ClearSky and Trend Micro release the results of their research into CopyKittens, which they characterize as a cyberespionage group, operating from and on behalf of Iran. The CopyKittens have been operating since 2013 at least; their interests are consistent with nation-state strategic intelligence objectives: legislative bodies, foreign and defense ministries, the defense and aerospace industry, academic research institutes, and so on. The nations principally targeted include Israel, Saudi Arabia, Turkey, the United States, Jordan, and Germany. Some recent high-profile victims have been Germany's Bundestag and the Jerusalem Post. The group uses DNS for both command-and-control communications and data exfiltration. ClearSky and Trend Micro call CopyKittens' latest campaign "Wilted Tulip."
Another user configuration error exposes cloud data. This time it's Google Groups, not AWS. RedLock finds that "hundreds" of enterprises have left their information out for inspection; the problem seems to arise from the casual choice to make groups "public on the internet."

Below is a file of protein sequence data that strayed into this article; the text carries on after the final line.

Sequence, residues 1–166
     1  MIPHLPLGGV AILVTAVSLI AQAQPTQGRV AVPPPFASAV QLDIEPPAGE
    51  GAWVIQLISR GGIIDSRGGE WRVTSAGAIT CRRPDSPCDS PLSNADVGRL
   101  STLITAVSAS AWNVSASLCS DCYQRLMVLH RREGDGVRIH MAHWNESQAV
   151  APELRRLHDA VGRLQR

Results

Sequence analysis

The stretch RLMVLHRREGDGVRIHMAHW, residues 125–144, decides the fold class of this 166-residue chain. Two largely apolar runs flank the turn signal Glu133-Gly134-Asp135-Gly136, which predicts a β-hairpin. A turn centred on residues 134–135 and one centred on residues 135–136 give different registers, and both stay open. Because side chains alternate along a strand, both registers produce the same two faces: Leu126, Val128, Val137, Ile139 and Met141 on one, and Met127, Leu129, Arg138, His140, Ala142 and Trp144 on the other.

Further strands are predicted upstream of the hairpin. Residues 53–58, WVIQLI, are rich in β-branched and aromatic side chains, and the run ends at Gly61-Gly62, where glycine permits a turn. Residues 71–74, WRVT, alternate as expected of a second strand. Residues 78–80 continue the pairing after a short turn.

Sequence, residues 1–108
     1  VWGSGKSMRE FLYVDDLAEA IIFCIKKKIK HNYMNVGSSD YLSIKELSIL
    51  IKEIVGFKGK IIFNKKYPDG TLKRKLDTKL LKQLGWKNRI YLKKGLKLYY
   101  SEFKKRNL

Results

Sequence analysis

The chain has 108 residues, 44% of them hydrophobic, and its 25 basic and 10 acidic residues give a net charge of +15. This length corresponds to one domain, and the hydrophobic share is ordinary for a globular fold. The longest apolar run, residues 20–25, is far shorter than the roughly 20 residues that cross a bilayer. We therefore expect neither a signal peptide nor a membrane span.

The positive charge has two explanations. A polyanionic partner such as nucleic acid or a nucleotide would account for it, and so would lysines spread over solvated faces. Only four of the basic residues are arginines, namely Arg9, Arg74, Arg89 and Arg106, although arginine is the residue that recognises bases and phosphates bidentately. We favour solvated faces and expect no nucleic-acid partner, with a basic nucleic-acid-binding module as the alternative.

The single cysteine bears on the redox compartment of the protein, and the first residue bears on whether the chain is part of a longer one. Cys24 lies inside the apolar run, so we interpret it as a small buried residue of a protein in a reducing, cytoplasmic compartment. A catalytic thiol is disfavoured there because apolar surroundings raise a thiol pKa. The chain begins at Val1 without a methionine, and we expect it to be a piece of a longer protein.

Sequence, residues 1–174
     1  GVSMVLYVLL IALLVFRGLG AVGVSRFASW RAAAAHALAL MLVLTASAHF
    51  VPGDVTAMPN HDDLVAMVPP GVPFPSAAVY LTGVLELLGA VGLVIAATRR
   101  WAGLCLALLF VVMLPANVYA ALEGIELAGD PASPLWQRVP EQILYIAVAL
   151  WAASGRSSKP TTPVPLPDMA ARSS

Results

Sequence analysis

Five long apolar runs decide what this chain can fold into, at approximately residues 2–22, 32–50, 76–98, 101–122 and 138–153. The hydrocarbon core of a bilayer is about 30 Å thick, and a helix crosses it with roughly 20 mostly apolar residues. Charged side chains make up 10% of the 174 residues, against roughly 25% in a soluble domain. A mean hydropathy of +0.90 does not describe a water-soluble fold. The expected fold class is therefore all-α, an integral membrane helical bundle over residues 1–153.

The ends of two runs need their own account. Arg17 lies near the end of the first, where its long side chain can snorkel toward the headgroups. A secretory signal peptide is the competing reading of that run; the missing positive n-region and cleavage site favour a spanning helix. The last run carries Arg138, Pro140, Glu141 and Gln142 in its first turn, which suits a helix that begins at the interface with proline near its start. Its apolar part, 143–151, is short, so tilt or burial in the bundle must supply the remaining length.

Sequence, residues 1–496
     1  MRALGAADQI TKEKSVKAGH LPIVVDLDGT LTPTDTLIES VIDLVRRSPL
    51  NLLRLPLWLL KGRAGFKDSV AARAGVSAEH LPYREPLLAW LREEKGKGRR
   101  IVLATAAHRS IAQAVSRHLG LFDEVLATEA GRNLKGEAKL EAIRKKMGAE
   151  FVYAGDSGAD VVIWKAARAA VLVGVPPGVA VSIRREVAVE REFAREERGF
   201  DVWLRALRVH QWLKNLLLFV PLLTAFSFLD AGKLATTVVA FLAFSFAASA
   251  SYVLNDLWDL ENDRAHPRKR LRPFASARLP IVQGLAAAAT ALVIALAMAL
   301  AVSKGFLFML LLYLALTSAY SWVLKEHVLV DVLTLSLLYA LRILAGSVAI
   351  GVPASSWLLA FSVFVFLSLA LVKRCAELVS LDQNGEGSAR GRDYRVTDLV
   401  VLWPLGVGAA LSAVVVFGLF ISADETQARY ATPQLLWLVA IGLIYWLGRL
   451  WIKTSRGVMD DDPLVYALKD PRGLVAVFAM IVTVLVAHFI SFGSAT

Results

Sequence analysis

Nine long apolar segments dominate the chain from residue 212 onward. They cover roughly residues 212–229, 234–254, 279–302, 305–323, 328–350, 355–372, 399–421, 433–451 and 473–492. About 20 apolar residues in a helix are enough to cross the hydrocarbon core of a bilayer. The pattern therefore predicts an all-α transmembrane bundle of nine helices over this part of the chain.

Criminals have hit another Ethereum initial coin offering. On Sunday about $8.4 million in VERI tokens were stolen from Veritaseum's ICO.
After last week's theft of $32 million in Ethereum cryptocurrency via a flaw in the wallets' contract, the White Hat Group said they intended to "rescue" and return Ether exposed to the same vulnerability. We were skeptical, but our skepticism was misplaced: apparently the White Hat Group is proving as good as its word. Motherboard reports the the White Hat Group obtained control of about $208 million in Ethereum assets, and will finish returning the funds Monday.